I sometimes forget I’m the minority. I might have many friends who’ve not had sex until they were married, but of course they got hitched no later than 24. So their burning loins are no longer sizzling. Being 32 and committing to no sex before marriage for the last few years does propel the eyebrows of new acquaintances to shoot through the ceiling.
“You mean. None at all? Not even just a little bit? Just to get you by?”
As if sex is oxygen.
“No. None at all.”
“I’m so sorry” they reply, as if there’s been a death in the family.
I usually laugh at this point.
Virgins at school meant we were a competition for the boys to see who could ‘break her in’. Apparently between the ages of 15 to 18, I wasn’t just an unusual Christian girl, but I was likened to that of an Orlov Trotter. My relationships lasted the maximum of six weeks once they realised I wasn’t easily persuaded – nor a horse.
The teasing at school really propelled me to be more eager to fight on the battlefield to my wedding bed – sacrificing something for my future long-term lover. I wanted it to just be one person who’d have all of me. Naïve it may be to some, but for me, this was honouring not just him but me too.
My virginity diminished somewhere between 23 and a lost faith, I fell in love with a man who loved me unconditionally. My sexual relationships during my twenties accounted to three people. There was no reason, without a relationship with God, to want to hold off any longer. I had a great time. Truly. I was quite taken with how brilliant it was. You see, I had never been taught sex was vexatious. But the context in which I was using it was unbalanced. My level of intimacy was exceeding the level of trust.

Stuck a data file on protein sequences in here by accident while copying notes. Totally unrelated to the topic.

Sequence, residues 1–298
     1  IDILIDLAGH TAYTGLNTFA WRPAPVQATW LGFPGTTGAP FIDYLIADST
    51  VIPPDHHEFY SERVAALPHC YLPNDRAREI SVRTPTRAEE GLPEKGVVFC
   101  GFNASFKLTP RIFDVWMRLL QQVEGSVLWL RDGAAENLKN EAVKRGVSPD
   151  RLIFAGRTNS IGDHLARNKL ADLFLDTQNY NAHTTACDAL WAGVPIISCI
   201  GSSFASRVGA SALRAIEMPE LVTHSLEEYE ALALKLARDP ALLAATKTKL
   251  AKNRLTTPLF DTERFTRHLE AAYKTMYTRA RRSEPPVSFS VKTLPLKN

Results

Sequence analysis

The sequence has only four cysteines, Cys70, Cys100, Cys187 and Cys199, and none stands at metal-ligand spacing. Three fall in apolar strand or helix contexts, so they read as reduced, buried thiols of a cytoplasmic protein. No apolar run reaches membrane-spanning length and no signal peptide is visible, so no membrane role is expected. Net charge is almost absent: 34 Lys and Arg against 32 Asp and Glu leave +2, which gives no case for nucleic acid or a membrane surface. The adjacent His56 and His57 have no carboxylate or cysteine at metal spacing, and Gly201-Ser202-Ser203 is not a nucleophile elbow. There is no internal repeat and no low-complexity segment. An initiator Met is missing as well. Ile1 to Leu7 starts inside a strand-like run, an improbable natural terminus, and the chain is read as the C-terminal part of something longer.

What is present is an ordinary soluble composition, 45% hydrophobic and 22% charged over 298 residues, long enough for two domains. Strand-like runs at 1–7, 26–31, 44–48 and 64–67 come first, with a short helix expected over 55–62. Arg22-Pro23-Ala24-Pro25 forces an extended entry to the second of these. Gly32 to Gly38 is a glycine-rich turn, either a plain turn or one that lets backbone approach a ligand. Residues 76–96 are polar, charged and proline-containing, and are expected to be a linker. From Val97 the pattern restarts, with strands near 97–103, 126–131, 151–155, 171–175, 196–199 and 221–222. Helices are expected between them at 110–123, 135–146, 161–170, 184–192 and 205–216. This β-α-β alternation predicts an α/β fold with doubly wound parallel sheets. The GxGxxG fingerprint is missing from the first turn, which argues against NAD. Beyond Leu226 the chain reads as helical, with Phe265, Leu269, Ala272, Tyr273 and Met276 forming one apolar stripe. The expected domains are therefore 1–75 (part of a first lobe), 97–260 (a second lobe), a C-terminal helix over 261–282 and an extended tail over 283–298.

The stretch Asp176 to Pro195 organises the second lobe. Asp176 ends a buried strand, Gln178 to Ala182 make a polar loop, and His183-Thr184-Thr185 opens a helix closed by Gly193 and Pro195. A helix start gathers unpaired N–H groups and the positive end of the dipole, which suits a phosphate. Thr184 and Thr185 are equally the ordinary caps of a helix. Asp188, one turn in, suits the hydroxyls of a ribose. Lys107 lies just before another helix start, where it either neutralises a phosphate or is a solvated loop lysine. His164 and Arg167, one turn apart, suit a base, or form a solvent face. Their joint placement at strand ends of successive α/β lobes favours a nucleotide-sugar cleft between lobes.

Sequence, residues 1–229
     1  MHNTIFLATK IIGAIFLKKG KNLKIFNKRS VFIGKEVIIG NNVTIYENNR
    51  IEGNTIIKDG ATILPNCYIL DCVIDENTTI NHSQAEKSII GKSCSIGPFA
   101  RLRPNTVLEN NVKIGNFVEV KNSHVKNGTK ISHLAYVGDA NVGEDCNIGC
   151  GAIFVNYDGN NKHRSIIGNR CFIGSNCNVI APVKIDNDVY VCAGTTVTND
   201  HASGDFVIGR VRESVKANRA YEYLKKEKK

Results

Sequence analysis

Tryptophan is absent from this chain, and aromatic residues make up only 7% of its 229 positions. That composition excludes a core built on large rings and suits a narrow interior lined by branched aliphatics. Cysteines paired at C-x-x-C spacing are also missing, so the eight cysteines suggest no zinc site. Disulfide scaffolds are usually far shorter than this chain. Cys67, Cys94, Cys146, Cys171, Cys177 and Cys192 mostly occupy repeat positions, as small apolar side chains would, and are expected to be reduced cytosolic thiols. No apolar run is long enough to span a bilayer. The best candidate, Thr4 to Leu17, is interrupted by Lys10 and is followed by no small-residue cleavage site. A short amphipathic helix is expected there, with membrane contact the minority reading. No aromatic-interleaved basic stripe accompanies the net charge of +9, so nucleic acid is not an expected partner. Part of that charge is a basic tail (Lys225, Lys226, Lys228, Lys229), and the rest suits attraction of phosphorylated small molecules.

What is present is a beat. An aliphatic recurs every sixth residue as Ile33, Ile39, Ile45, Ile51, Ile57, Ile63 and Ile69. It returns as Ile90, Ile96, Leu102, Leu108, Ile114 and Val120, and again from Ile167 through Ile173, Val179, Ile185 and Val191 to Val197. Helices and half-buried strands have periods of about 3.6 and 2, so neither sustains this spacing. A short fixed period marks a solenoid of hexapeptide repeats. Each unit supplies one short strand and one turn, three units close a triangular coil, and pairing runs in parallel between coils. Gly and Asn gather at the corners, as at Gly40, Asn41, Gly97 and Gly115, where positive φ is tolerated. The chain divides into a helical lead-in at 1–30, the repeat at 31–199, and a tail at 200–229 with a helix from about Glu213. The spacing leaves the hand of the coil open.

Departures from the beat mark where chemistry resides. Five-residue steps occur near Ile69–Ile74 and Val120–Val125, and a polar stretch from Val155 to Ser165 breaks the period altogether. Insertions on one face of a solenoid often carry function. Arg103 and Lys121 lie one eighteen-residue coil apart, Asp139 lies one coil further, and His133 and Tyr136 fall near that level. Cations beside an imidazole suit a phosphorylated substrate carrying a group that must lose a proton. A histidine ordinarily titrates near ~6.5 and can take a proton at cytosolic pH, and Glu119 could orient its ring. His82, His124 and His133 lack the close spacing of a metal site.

I was convicted to abstain when God became more present in life again. I wasn’t married and sex for me was too awesome to keep giving away before my husband had really arrived in my life.
Today, it’s the impracticalities of sexual incompatibility that is questioned: ‘If you marry someone who’s terrible in bed, you’ll be committed to frustration for the rest of your life.’ A sprinkling of fear and ill-placed historic sextempts will make you come up with this theory. I’ve always known what a guy was going to be like in the sack before I actually had sex with him. I can’t tell you a formula, but I’ve never been wrong. Besides, wherever God shows up, any problem diminishes. My priority was having God in the centre of the relationship, not our genitals.
Good sex has rarely held people together for longevity. Most people divorce for more obvious reasons like miscommunication, dishonesty, emotional absence. I’m yet to meet a couple who bombed because of a lack of sexual connection. If sex was not occurring in marriage, it’s been down to an emotional dysfunction and disconnection. The lack of sexual compatibility was an effect – not a cause -for the break down.
But contrary to popular assumption, and despite my elevated sex drive, I don’t feel repressed. I’m gauging a much better sense of who is right for me in relationships. I prefer it this way. Not out of fear of being hurt, not out of abiding by the Biblical rules, but because I now understand why God wanted us to save it for a covenant; for true intimacy. Because how emotionally intimate can I really be outside of a life long commitment? I can to a point, but not with all the vulnerability I really want to share with just one man for a lifetime. I can never really let go completely and be as free as I want, without a stallion who desires the same as me and respects that.
As I tilt my eyes to my relationship with God, I know my time will come for mind-blowing sex that follows from a marriage of trust, connection and vulnerability. This is the divine order in which I’ve seen the healthiest relationships form. I can hold out. I shall prevail. Because I want to protect my relationship with my heavenly Father, everyone protects what they’re in love with.
Besides, why wouldn’t I want to do right by the very inventor of the orgasm?